1
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I've created unit test for the "student" CRUD operations that looks like this:

[Test]
    public void Can_Exec_CrudOps()
    {
        #region Prepare


        var account = Processor.Execute(new CreateAccount
        {
            Email = "email@example.com",
            Username = "username",
            Password = "password",
        }).Result;

        #endregion

        var student = Processor.Execute(new CreateStudent
        {
            AccountId = account.EntityID
        }).Result;

        Assert.NotNull(student);
        student.AreEqual(Processor.Execute(new GetStudent
        {
            EntityId = student.EntityID
        }).Result);
        student.AreEqual(Processor.Execute(new GetStudentByAccount
        {
            AccountId = account.EntityID
        }).Result);

        var upd_student = Processor.Execute(new UpdateStudent
        {
            EntityId = student.EntityID,
            Flags = StudentFlags.Active
        }).Result;

        Assert.NotNull(upd_student);
        upd_student.AreEqual(student);
        upd_student.Flags.AreEqual(StudentFlags.Active);

        Processor.Execute(new DeleteStudent
        {
            EntityId = student.EntityID
        });
    }

As you can see, the region #prepare contains code that will insert required data to the database for the current test to be possible.

Is it good practice to create a single test for each CRUD operation and then call that test inside the tests that require them?

What I'm thinking about would look like this:

 [TestFixture]
public class StudentTest : OperationTest
{
    protected override IEnumerable<Type> ModelMappings
    {
        get
        {
            return NHMappings.EDUCATION;
        }
    }

    [Test]
    public void Can_Exec_CrudOps()
    {
        #region Prepare
        // here is what changed //
        var acc = new AccountTests();
        var acc_id=    acc.create_account();


        #endregion

        var student = Processor.Execute(new CreateStudent
        {
                        //here too//
            AccountId = acc_id
        }).Result;

        Assert.NotNull(student);
        student.AreEqual(Processor.Execute(new GetStudent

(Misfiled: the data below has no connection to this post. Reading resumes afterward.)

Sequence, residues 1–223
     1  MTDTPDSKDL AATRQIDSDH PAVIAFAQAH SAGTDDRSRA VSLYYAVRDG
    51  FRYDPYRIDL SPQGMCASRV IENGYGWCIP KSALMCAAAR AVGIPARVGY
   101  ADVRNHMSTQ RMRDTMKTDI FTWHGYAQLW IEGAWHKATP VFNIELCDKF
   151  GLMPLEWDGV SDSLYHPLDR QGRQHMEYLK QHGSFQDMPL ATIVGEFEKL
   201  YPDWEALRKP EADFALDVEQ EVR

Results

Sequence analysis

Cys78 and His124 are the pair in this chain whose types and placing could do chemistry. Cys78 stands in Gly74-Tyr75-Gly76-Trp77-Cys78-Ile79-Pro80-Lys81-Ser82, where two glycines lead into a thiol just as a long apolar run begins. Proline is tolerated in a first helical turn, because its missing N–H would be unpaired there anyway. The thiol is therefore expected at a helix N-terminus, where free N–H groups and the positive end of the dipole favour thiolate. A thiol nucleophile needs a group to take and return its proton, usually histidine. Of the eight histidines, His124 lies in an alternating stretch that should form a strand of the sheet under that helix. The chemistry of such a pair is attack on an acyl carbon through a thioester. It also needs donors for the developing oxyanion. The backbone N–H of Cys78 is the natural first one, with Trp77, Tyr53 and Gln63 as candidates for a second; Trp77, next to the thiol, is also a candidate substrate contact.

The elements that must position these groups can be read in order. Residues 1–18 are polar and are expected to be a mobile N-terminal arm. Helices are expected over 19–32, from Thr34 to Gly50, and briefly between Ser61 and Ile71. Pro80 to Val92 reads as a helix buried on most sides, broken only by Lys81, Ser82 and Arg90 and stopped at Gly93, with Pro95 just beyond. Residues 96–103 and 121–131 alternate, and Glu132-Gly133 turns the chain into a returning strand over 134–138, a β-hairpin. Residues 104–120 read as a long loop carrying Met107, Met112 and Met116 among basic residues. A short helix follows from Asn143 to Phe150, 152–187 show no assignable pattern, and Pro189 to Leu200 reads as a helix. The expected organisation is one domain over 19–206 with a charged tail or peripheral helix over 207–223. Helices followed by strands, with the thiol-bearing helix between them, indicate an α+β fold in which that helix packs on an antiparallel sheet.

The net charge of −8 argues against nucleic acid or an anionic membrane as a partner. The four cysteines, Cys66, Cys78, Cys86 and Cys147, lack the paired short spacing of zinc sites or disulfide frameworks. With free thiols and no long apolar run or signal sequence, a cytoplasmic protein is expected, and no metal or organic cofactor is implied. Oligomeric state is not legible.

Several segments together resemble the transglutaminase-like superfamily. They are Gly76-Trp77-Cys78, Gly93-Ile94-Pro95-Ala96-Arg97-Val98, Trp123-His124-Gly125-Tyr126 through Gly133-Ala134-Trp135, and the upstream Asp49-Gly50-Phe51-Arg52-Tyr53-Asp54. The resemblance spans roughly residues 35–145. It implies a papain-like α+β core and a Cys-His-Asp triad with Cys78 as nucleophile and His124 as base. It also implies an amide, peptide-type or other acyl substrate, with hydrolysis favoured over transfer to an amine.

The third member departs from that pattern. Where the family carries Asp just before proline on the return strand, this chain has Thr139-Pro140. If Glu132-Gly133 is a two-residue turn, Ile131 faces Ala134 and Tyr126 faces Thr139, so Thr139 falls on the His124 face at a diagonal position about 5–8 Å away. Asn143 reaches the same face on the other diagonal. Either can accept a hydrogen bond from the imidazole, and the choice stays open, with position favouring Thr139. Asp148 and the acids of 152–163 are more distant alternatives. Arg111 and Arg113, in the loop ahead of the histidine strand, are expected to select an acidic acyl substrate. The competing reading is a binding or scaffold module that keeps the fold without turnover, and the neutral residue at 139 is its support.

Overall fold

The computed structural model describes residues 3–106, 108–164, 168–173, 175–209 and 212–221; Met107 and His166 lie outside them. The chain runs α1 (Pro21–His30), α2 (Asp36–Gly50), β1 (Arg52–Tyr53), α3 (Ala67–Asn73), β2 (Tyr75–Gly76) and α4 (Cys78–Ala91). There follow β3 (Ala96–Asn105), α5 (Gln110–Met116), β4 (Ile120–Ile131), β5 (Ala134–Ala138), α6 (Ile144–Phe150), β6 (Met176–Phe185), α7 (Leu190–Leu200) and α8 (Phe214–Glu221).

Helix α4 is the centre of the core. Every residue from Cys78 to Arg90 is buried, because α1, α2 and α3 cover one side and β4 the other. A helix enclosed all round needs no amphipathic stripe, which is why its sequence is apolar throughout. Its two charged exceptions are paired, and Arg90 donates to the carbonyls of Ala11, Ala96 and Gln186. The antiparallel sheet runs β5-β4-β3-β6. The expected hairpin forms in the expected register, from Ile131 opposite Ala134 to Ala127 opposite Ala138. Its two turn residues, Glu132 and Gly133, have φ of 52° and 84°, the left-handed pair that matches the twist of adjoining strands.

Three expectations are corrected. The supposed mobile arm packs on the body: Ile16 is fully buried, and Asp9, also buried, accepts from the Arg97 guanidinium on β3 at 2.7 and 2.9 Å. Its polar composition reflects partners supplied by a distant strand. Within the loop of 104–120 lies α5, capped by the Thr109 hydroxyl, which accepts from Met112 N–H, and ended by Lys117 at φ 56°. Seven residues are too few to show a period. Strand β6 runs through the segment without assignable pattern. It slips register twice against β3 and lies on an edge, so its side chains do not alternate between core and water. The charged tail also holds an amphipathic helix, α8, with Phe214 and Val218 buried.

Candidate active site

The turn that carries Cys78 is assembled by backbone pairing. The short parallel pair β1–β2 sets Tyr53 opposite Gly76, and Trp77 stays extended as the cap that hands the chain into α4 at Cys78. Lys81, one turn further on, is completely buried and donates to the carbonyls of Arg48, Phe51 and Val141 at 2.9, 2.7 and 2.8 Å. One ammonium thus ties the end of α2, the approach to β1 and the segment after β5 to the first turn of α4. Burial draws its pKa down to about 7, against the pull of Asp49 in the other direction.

{
            EntityId = student.EntityID
        }).Result);
        student.AreEqual(Processor.Execute(new GetStudentByAccount
        {
                        // and here//
            AccountId = acc_id
        }).Result);

        var upd_student = Processor.Execute(new UpdateStudent
        {
            EntityId = student.EntityID,
            Flags = StudentFlags.Active
        }).Result;

        Assert.NotNull(upd_student);
        upd_student.AreEqual(student);
        upd_student.Flags.AreEqual(StudentFlags.Active);

        Processor.Execute(new DeleteStudent
        {
            EntityId = student.EntityID
        });
        // and here //
        acc.deleteaccount(acc_id);
    }
}

So the point is not to write the same code over and over again.

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  • 2
    \$\begingroup\$ Please include a language tag next time, since this looks like C#, I added that tag. \$\endgroup\$ – Simon Forsberg Dec 17 '13 at 13:28
5
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No, I would say, and the reason for that is that you have too many asserts in your test (it does to many thinks). There should only be one reason for a test to fail. So:

Split your test into smaller ones with a more descriptive name and stick to one assert per test. By doing so it's also easier to track down why a test is failing, both in the case is the bug is in the test or in the production code.

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  • 1
    \$\begingroup\$ I would also call these integration tests because they are hitting the database. Unit tests are written to test a very specific section of the logic. \$\endgroup\$ – Jeff Vanzella Dec 17 '13 at 20:48

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